First Thursday is equally a celebration of Portland arts spaces as well as a reminder of their precariousness. This week, arts collective and inclusive dance night YGB (young, gifted, black) is celebrating its two-year anniversary with an impressive lineup of portrait photographers. Before downsizing in the fall, Nationale is holding a retrospective of its nine years as a gallery. But thankfully, in a twist on the all-too-frequent tale of Portland galleries closing, Nationale is downsizing, not disappearing entirely. Still, their lineup seems like it's as much a testament to the gallery's resilience (their new space will be their fifth venue) as it is a reminder of what we'd miss if we lost them.
There's also plenty of weird shit to check out—exhibits with everything from glass ponies to moldy flowers and one that's dedicated entirely to Wookie photography. Here are the five we're most excited to see.
Since opening in 2008, Nationale has been a staple of the Portland art scene. But after a few more shows in their current space, the gallery will downsize later this year. The farewell show to its Division Street space is a retrospective of works that the gallery has displayed over the years from a massive lineup of local artists. Nationale, 3360 SE Division, 503-477-9786, nationale.us. Through July 31.
Portland artist Mako Miyamoto has a strange obsession: Wookies. In his photography series, he takes pictures of people amid West Coast pastiche—in old-school laundromats, in parking garages and carrying cross bows and baseball bats, playing tennis, petting horses while wearing flower crowns. Except his subjects all wear Wookie masks. Once you get over the ridiculousness, the photos are actually quiet beautiful—they're saturated with color and somehow melancholy. His solo exhibit will reveal the origin story of the Wookies and tales of their westward expansion. Stephanie Chefas Projects, 305 SE 3rd Ave., #202, stephaniechefas.com. July 7-29.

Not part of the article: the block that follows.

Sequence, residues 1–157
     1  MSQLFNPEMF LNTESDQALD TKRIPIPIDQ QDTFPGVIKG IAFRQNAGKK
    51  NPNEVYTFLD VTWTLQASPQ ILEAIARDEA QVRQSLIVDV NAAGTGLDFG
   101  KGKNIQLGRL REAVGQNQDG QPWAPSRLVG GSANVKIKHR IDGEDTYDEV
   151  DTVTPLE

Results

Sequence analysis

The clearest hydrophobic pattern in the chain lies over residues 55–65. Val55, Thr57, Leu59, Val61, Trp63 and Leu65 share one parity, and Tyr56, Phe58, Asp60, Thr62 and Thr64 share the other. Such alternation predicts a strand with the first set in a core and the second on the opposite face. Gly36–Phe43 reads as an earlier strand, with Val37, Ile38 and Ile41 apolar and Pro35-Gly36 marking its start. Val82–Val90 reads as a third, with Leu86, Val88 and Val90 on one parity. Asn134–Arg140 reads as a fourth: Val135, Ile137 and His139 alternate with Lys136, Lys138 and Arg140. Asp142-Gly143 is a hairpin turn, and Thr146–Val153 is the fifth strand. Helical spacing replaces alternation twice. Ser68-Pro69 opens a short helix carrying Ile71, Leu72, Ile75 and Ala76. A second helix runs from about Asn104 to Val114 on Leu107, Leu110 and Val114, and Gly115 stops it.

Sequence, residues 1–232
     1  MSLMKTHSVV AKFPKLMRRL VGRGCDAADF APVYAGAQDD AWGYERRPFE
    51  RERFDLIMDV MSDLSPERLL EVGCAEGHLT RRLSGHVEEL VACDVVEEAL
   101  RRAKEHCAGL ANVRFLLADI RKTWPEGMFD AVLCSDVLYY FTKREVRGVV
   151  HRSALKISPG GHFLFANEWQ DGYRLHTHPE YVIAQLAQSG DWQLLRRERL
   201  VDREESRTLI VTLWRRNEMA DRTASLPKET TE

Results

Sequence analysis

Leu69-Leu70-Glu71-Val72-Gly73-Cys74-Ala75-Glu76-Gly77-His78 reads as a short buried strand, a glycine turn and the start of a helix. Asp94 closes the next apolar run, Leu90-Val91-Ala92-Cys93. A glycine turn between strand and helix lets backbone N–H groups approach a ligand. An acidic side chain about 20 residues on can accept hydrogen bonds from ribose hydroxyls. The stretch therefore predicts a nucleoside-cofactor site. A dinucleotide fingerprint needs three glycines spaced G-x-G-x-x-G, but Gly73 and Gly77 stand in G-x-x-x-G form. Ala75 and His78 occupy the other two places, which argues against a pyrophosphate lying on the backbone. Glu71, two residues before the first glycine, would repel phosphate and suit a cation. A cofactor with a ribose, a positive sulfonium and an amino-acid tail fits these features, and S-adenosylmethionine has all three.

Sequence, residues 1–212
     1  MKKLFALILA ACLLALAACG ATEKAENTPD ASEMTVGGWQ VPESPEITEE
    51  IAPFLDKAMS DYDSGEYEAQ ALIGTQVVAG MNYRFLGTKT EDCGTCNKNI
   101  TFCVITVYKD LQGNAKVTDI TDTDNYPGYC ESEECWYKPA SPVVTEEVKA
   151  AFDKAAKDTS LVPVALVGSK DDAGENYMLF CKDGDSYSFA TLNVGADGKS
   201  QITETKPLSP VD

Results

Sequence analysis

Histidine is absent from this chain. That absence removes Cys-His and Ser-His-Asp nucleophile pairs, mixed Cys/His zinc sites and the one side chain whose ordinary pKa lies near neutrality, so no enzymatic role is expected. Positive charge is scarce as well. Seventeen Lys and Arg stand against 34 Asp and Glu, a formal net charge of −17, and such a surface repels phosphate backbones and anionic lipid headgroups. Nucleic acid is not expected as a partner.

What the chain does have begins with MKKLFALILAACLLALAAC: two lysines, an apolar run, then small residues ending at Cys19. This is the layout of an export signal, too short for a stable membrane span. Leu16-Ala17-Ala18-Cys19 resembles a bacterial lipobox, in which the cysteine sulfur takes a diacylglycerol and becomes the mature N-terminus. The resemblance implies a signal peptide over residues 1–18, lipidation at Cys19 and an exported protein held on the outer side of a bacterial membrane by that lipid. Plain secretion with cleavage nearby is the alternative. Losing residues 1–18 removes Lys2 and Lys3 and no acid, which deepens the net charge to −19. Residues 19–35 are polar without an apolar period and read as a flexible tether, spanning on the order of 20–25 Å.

Your Clothing Is Animal Hair, Your purple Is Fish Blood
Alisa Bones' expressionist paintings look like they're struggling to be contained. It's not that they're chaotic—they're fairly minimal—but the blocks of color and texture interrupt one another on the collage-like canvas, and smudges escape from the boundaries of spray painted shapes. Williamson|Knight, 916 NW Flanders, williamsonknight.com. Through July 29.
Bullseye's bizarre exhibit of decorative art is an oneiric scene. The works are loosely linked by the idea of changes—which looks as broad as it sounds. Taken as a whole, it feels like some strange, baroque dreamscape. There's Emily Nachison's glass horse heads displayed like aristocratic busts, Ligia Bouton's watercolor of Victorian people standing next to giant bird cages and Kate Clements' tank of rotting flowers. Bullseye Projects, 300 NW 13th Ave., 503-227-0222, bullseyeprojects.com. Through September 30.
YBG: Two Year Retrospective
In the summer of 2015, arts collective YGB hosted its first hip-hop dance night intended to create a space that was pro-black, pro-queer and pro-femme. After two years of doing just that, it's celebrating with an exhibit of photography by Portland artists. YGB will display all its past flyers by artist Alexander Wright, whose album artwork is an integral part of the local hip-hop scene. Plus, there will be portraits by a wide range of photographers, like Miss Lopez's joyous but subtle portraits in which the landscape seems to be an extension of the subject, and Anthony Taylor's vibrant, striking works. UNA Gallery, 328 NW Broadway, 858-610-4269, ygbportland.com. 6 pm Thursday, July 6.